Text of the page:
Those were the days when video game play began with the drop of a quarter amid the smell of adolescent bodies and the sound of electronica gunfire.
Out of this 1980s scene emerged a class of player that gained fame and a following as top scorers of popular games such as Pac-Man, Space Invaders and Donkey Kong Jr.
These arcade warriors--who predated today's sophisticated home gaming systems--might have been forgotten were it not for a friendship and a photo, which together laid the foundation for director Lincoln Ruchti and producer Michael Verrechia's first feature-length project.
Ruchti, 29, of Los Angeles, and Verrechia, 30, of New York, met at the University of Florida, where they both aspired to become filmmakers. Recognizing the importance of business savvy in the filmmaking world, the close friends and 1999 graduates made a deal: Ruchti would go on to study film at graduate school; Verrechia would get business experience; and then later, with their complementary skill sets, they would make a movie.
Verrechia, in fact, became a consultant to publicly traded companies on matters of mergers, acquisitions and corporate governance, while producing short films on the side. Ruchti got his master's in film production from Loyola Marymount University in Los Angeles and directed shorts on the side.
About two and a half years ago, following through on their deal, Verrechia sent Ruchti an idea for their first project. It was an article on Bill Mitchell, who had played the world's first perfect game of Pac-Man, meaning that every dot, energizer and ghost gets eaten up until the game runs out of memory.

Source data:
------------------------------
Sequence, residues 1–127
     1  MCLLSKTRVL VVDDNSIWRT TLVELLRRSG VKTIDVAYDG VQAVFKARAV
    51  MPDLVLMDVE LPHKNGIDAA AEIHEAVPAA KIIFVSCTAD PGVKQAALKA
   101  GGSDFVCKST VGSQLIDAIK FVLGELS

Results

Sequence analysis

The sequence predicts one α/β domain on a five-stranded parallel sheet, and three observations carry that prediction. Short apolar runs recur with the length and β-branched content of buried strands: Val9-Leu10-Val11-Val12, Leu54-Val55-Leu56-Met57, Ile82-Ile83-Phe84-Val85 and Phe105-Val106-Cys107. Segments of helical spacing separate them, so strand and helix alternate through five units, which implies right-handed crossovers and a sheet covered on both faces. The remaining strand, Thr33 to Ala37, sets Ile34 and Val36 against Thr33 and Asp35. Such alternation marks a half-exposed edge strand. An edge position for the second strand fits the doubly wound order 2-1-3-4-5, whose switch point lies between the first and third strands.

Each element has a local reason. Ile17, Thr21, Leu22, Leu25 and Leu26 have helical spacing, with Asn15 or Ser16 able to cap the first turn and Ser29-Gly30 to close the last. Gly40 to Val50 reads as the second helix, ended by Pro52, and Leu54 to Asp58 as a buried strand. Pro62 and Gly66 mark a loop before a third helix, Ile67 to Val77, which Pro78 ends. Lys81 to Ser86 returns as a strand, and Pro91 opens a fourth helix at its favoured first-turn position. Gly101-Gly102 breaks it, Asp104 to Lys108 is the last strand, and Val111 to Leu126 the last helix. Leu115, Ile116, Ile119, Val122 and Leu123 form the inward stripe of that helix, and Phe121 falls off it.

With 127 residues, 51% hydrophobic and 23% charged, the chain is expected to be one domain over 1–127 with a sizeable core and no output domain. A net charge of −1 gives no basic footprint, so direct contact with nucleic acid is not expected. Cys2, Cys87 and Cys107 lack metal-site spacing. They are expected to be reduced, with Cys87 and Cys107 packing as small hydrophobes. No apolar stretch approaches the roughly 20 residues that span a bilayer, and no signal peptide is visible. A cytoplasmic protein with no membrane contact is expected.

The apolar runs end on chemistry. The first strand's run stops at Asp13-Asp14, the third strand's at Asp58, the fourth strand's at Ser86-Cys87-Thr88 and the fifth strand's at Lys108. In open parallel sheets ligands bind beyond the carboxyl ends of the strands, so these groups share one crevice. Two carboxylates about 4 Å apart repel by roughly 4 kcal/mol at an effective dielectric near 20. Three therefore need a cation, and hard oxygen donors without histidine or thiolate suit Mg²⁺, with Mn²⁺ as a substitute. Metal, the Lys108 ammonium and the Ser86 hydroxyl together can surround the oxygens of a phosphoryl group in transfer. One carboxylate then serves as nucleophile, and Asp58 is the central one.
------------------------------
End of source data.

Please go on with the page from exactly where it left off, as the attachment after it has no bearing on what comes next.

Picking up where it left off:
"The guy had this wicked mullet. It was beautiful. He was immediately compelling," Ruchti said.
Ruchti did some more research and found a 1982 Life magazine spread with a photo of "scraggly teenagers" who were recognized as video-game world champions. The photo was set in Ottumwa, Iowa, where Walter Day, the self-proclaimed keeper of high arcade game scores, had launched his Twin Galaxies International Scoreboard. (The scoreboard was later relaunched on the Web, long after the arcade doors were shut.)
Ruchti and Verrechia knew immediately there was a film to be made about the story behind that photo. They just had to track down the cast.
"Most were really happy to talk to us," Ruchti said, adding that for some of the players, these were truly their glory days.
The good times were also often ego-fueled, especially in the case of Ron Bailey and Joel West, who were best friends in 1983 but stopped talking to each other after Bailey beat West's Berzerk world record. Despite presently living 30 miles apart, they haven't spoken in 22 years, according to film materials.
Ruchti added that the goal, all along, was to get people to connect to the film on a personal and emotional level, if for no other reason than to reminisce. They apparently achieved that goal: their film was one of 16 selected from 856 submissions in the festival's U.S. documentary competition.
"It's about their stories. But it's also about the '80s, the fashion, the arcade. It's about what you were doing. Nostalgia is one of the key factors," Ruchti said.
As for their own interest in gaming, both filmmakers admit that they were the 6- and 7-year-olds in the arcade admiring the likes of the players featured in their film.
"The guy who could play this all day long on one quarter, he was awesome," Ruchti said. "We looked up to him."And while they don't sport mullets, Verrechia is currently the world's 20th ranked player for the arcade classic, Wheels, with a score 29 points higher than that of Ruchti, who is ranked 25th in the world.
And they are still friends.